Refer to the article, “Women-only correctional facilities to be built in all provinces” (The New Times, May 16).
The move to get women their own correctional facilities is a very much plausible policy. In 2010, I was commissioned by the Prison Services to carry out a mini assessment of three prisons – as these facilities were known at the time.
This assessment was done in preparation of a Commonwealth conference which was due to take place in Rwanda. It was carried out in three establishments namely: ‘1930’ (Nyarugenge), Mpanga, and Kimironko.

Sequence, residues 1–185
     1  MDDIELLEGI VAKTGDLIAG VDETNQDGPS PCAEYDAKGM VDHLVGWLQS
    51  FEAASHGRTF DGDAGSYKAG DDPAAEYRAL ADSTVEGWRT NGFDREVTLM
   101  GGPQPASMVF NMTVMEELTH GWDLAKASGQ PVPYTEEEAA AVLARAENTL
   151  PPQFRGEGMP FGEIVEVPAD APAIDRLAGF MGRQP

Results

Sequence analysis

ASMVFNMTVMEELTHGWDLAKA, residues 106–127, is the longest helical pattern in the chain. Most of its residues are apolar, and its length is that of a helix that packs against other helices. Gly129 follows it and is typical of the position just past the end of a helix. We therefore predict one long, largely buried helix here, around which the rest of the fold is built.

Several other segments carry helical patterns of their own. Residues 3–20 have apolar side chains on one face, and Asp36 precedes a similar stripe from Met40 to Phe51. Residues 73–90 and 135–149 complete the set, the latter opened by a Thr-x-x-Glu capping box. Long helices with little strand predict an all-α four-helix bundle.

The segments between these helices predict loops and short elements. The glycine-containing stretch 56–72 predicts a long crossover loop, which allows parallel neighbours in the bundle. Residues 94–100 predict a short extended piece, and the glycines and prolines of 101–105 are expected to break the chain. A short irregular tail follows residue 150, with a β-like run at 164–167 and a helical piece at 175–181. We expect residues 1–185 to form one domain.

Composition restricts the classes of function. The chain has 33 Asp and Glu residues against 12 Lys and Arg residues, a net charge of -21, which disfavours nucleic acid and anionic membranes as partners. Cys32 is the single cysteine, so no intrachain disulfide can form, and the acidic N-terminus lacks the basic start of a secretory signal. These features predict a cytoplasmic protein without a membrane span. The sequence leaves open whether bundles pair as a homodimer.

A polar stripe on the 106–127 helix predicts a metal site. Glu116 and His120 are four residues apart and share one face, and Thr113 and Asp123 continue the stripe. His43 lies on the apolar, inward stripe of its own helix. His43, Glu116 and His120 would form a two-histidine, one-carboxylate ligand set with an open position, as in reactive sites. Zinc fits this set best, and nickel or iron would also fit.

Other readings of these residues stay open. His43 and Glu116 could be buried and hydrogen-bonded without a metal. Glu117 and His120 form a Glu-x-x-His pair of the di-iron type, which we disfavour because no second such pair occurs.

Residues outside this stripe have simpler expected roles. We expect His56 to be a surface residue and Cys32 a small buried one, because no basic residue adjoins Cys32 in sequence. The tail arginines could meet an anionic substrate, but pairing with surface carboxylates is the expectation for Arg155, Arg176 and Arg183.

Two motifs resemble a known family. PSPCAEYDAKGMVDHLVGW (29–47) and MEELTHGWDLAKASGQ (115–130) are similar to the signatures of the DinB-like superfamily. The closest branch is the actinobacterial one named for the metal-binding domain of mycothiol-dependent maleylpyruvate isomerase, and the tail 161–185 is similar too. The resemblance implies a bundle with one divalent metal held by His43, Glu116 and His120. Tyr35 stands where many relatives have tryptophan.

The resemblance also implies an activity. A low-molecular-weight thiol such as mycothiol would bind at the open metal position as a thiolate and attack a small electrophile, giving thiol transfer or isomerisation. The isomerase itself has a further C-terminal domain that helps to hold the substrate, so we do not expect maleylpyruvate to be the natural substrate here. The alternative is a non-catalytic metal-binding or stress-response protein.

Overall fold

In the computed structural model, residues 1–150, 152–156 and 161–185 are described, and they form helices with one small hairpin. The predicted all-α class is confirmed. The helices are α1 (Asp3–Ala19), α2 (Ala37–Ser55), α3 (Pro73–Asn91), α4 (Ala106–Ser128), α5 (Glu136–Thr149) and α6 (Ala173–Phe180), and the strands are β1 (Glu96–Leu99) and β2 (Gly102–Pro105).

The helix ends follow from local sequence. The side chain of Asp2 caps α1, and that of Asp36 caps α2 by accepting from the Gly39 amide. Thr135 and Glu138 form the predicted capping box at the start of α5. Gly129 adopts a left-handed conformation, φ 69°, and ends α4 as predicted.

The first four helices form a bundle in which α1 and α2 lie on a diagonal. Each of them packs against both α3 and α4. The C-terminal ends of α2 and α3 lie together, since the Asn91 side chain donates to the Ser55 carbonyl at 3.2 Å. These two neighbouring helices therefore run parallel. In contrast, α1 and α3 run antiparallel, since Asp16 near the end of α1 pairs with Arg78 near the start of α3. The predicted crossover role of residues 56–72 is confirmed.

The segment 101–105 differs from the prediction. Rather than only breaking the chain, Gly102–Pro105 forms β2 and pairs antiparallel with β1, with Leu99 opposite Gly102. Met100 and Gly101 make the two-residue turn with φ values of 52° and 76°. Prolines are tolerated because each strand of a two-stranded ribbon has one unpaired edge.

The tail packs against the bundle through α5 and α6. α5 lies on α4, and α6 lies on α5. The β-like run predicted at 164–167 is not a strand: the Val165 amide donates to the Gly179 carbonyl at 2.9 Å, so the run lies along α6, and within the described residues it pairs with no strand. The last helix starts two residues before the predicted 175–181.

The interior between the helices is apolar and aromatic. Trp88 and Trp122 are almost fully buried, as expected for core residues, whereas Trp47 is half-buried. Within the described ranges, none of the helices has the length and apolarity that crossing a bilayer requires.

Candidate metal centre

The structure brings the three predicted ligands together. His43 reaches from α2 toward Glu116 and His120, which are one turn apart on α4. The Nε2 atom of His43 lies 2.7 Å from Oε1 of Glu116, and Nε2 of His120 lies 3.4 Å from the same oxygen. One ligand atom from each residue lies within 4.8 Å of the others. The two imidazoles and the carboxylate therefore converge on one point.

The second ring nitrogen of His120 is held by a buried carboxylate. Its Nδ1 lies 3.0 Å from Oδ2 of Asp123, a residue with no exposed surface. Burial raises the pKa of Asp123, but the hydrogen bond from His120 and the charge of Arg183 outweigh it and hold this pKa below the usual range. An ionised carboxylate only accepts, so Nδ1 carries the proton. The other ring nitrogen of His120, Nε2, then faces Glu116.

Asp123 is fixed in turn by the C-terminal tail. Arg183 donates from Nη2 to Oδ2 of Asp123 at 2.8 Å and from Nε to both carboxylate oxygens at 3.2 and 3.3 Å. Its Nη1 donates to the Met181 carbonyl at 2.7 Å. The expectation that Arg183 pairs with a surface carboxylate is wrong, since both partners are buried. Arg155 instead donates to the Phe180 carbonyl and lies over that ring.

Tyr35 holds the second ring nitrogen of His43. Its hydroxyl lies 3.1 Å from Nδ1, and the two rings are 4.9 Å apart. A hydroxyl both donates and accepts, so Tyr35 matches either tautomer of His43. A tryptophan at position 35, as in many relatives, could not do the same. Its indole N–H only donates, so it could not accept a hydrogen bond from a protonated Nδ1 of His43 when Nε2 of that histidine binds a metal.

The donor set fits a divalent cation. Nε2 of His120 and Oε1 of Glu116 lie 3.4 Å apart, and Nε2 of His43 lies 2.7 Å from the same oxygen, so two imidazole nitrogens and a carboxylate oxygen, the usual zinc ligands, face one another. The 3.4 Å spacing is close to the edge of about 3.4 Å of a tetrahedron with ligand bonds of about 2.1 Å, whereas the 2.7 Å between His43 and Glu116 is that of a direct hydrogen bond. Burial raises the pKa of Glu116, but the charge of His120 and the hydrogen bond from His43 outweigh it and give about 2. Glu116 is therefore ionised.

Despite that the women issue was not raised in my findings, I was amazed to find out that women were housed in the same premises as men.
It was somewhat understandable because the country was emerging from the immediate aftermath of the Genocide against the Tutsi. Somehow, I could understand why the country could not afford to provide segregated facilities.
It is indeed plausible that the country has not only realised the
necessity of providing descent, exclusive correctional facilities for women, but has actually taken steps to make it happen. This is because, by nature, women have their own special needs that are different from those of men.
Indeed, a good idea and a step in the right direction.